Ek Mini Katha Movie Review: When Santosh (Santosh Shoban)'s father (Brahmaji) approaches a psychiatrist, he claims that his son is a sex addict. He says Santosh has been obsessed with porn since he was child, used to watch porn, visit brothels, and even brought in another woman after getting married. Intrigued, the psychiatrist asks the father to bring in the patient. Santosh, however, has a different story to say to all the complaints laid down for his father. Needless to say, his troubles aren't really 'small'. Or rather, 'small' is what his problem is. Ek Mini Katha: Santosh Sobhan, Kavya Thapar’s Telugu Film to Premiere on Amazon Prime Video on May 27.

Santosh, you know, suffers from 'small penis syndrome', that has developed since he was mocked once by a classmate in childhood. His inferiority complex over his organ gets worsened further through adolescence and into adulthood. Then through an arranged marriage alliance, he falls for a pretty Amrutha (Kavya Thapar) to whom he gets married to. But his continual anxiety over how she might be disappointed over his 'size' makes him seek hurdles in them getting intimate.

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Ek Mini Katha clicks some of the boxes, all right. Through Santosh's misdemeanors in working around his problem, there are some funny gags as he lands from one trouble into other, most of them self-orchestrated. It helps that the actor Santosh Shoban is a natural talent with a great comic timing, and his camaraderie with Sudarshan, who plays his troublemaker friend, possesses enough ammunition and great quips (loved that 'Sonu Sood' reference!). The scenes with the penis enlargement surgeon (Posani Krishna Murali) will bring the house down.

Even if the situations aren't really new, the actors liven up the proceedings. The director Karthik Rapolu also has to be credited for making the first half so snappy. The best thing is that the makers didn't resort to any crudeness or vulgarity even when the jokes go below the belt.

The romantic portions between Santosh and Amrutha are cute, and their chemistry intact. Which is why there is enough curiosity on how Santosh handles his issue post his marriage.

Here comes the problem, though. The second half, which involves Santosh's extended family, is comparatively weaker, the gags don't flow freely and some of the scenes feel dated. From a bold comedy, the movie turns into a family potboiler from the '80s. Shraddha Das' hookah-smoking seer was supposed to spice up the proceedings, but that doesn't really happen. The only saving grace here is once again the lead star's performance.

More annoying is the film's treatment of the female lead. Kavya looks absolutely vivacious, but her character feels more like a glam prop that serves as a catalyst for her husband's anxiety disorder than anything. I mean, she was supposed to be an event manager, but we mostly see her as this docile housewife obsessed with her man's apparent goodness. Also, most of Santosh's relatives turn out to be irritating, which makes the couple's wedding reception sequence, where these characters are introduced, more irksome than intended.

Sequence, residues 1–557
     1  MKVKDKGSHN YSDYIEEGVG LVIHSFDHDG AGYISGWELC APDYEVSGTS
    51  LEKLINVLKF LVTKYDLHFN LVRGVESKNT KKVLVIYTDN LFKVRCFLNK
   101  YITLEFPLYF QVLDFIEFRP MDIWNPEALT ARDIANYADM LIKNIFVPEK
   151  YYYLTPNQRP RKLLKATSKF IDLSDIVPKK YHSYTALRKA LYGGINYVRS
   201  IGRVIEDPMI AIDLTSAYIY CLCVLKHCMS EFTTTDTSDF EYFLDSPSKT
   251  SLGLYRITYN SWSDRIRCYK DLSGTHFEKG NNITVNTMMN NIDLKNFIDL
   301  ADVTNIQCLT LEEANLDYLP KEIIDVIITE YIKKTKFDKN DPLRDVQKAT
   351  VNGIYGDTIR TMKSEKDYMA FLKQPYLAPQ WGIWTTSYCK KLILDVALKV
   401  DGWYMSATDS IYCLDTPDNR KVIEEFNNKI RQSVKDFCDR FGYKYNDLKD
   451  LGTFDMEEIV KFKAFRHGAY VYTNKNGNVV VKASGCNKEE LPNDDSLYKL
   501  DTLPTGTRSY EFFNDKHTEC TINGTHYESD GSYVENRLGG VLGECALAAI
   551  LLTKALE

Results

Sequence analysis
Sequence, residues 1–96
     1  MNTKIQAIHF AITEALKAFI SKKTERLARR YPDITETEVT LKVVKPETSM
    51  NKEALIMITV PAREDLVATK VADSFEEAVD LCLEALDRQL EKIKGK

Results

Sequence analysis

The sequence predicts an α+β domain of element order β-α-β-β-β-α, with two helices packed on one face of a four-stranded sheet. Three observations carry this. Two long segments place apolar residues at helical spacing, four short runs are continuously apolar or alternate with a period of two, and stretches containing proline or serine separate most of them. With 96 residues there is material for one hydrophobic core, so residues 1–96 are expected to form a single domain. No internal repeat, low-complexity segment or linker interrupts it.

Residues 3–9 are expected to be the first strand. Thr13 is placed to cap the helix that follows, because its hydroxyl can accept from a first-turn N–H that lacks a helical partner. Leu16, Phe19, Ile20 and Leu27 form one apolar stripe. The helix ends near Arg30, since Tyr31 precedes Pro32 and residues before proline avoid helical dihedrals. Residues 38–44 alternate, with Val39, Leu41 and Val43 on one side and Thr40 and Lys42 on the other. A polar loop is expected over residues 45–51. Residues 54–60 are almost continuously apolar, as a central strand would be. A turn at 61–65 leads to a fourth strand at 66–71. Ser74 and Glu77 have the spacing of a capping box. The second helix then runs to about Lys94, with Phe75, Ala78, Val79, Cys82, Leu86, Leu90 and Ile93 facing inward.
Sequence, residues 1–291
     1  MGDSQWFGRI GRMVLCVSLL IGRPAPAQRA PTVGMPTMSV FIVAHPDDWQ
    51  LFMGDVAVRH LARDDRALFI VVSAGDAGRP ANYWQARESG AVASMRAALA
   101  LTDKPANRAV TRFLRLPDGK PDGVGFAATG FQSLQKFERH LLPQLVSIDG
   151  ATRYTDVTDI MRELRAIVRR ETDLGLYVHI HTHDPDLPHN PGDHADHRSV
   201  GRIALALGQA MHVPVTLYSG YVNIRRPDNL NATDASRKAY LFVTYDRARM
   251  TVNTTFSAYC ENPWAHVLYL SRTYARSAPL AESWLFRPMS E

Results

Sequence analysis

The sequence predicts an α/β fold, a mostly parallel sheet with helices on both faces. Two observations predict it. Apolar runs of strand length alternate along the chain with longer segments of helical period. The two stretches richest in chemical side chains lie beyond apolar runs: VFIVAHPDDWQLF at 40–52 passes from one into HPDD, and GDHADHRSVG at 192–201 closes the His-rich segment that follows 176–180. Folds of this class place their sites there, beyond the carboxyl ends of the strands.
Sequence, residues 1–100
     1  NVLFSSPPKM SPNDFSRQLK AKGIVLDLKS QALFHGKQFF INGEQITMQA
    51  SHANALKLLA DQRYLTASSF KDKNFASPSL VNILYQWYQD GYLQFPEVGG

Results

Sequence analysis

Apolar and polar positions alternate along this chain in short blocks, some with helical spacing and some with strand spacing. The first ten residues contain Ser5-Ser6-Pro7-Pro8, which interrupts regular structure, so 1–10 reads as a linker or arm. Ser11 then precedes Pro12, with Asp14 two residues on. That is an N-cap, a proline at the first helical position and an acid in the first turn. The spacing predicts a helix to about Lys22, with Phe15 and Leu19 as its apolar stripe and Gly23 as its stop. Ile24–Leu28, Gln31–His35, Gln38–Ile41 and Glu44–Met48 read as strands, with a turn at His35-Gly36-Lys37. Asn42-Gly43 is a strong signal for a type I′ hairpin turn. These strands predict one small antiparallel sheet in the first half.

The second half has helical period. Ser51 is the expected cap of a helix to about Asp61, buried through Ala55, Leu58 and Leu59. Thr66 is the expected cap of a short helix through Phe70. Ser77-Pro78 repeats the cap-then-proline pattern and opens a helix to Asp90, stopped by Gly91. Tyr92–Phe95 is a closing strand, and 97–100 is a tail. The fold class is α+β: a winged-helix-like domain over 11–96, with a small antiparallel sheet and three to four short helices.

Ek Mini Katha goes a little serious in the climax, as it preaches on how sexual inadequacy is more of a perception that the society pressurises a person into, and how the blame falls on the parents in not addressing a child's curiosity over such matters. All well and good, but just a few scenes back, the movie was poking fun on suicidal tendencies! Isn't that something the society needs to be sensitive about? Or for the matter, Ek Mini Katha's tendency to deliver laughs from physical violence. When on one hand. you make the hero say that women should not be ridiculed or demeaned in public, on the other hand, you have a character slap a woman for some cheap laughs! Double standards, much? The songs by Pravin Lakkaraju are quite nice.


- A Funny First Half

- Santosh Shoban


- A Stretched Less Funny Second Half

- Its Handling of Suicidal Tendencies and Physical Violence

Final Thoughts

Of course, Ek Mini Katha should be appreciated for taking on a bold theme. But I can't help but wish if the film handled it with more sensitivity without losing out on the humour. It isn't a difficult task, just look at how the 2013 Tamil film Kalyana Samayal Saadham addresses erectile dysfunction without making a joke out of it. Why, the first half of Ek Mini Katha almost does that job, only to let down by a weak second act. Ek Mini Katha is streaming on Amazon Prime Video.


(The above story first appeared on LatestLY on May 27, 2021 11:43 AM IST. For more news and updates on politics, world, sports, entertainment and lifestyle, log on to our website latestly.com).